Recruiting trips hinder student athletes academically

Chronicle Staff

The plane was dark except for one light that shone dimly on a single seat. It was 12:37 early on Thursday morning. The flight was landing. The stewardess walked by Michael Vann ’07 seat and asked him if he needed any last minute beverages. He looked up and politely told her no, only to re-immerse himself in his work.

Vann was returning home from Boston College from an official recruiting trip as a tennis player. His lodging and food were paid for by the school but because of the lack of funding for tennis recruiting, Vann was forced to pay for his flights. This was one of many trips that Vann would be taking to schools all across the country in an effort to gauge how much he liked each school and how well he fit in with the other players.

“These trips are imperative,” Vann said. “I need to get a feel for what these schools are like when they are in session and the only way to do that is to take a visit and unfortunately miss some school.”

Vann said on most days, he does not get to eat lunch. Instead, he must sacrifice his free periods and meet with teachers whose classes he did not attend because of his recruiting getaways.

“It gets difficult because the teachers are not all available when you need them,” Vann said. “I have to pick and choose which classes I care most about. If I can’t meet with a teacher because our frees don’t coincide, I have to try and learn all the material I was absent for on my own.”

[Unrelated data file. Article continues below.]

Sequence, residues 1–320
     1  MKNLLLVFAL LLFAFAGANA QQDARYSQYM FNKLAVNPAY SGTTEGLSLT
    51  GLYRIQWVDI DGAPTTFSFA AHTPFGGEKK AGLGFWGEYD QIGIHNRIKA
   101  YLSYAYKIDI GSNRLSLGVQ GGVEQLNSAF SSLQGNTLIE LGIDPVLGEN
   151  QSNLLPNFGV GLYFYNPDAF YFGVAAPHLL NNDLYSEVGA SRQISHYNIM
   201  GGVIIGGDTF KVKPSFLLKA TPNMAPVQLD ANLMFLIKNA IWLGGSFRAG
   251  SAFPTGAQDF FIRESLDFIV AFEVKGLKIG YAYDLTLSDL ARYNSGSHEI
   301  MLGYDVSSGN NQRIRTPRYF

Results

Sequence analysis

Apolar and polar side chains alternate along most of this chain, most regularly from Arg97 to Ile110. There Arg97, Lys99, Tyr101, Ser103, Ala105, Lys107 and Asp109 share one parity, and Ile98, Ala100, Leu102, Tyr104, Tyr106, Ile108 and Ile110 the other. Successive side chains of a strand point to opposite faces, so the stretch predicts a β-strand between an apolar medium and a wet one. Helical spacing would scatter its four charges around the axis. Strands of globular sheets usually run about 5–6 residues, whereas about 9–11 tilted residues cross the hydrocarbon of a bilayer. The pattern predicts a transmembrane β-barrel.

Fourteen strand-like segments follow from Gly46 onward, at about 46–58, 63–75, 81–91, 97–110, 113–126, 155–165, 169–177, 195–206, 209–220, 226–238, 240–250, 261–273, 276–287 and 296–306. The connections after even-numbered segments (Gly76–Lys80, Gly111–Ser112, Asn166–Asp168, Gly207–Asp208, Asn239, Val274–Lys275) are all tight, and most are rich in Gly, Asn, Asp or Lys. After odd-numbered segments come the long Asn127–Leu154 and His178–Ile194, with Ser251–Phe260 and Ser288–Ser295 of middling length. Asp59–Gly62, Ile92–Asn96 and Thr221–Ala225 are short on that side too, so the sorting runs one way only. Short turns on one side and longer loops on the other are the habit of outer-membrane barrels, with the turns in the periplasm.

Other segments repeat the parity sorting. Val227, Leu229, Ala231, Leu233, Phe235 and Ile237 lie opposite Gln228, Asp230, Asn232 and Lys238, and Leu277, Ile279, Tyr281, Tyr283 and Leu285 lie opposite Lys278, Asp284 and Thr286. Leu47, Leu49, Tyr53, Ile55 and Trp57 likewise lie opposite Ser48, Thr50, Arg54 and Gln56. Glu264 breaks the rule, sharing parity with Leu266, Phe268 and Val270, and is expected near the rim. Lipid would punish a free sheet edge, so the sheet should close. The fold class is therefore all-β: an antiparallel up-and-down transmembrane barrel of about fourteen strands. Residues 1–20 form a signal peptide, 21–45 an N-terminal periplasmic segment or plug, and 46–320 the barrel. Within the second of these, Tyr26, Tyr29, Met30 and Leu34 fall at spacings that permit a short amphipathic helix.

Vann has missed a total of five days of school due to all his official recruiting trips and one additional day because of the sickness and lack of sleep.

“An athletic component doesn’t change things with regard to a college visit,” Athletic Director in charge of Communications Terry Barnum reveals. “The student has to let all of his teachers know and if he is in season, he should let his coaches know as well. The only difference is that if it is an official recruiting trip, the kid doesn’t get to decide when he wants to go.”

Barnum conducts weekly meetings with the deans, acting as a liaison between the athletic and academic world. Barnum typically works with 10-15 kids every year, assisting them in the college recruitment process.

“We orchestrate the visits so that the kids will hop on a plane Friday night after a game and fly to the schools for the weekend,” Barnum explained, “The only events they miss are the Saturday practices.”

However, some other athletes are not as lucky.

“I was out of school on Oct. 12 to 14, 17 to 18 and 22 to 23,” Vann said. “I had two tests on the 19, one on the 20 and three papers that I had to turn in on the 24.”

Most colleges see first quarter grades so students cannot slack off and ignore their homework. However, if schools have shown interest in an athlete and have asked them to come visit, the student must reciprocate the interest shown.

“Unless you are the most highly recruited athlete, you must let the school know that you are seriously considering them,” Vann said. “If a coach approaches you, it means that they are interested and if you don’t show interest in return, it’s like a big ‘screw you’ to the school.”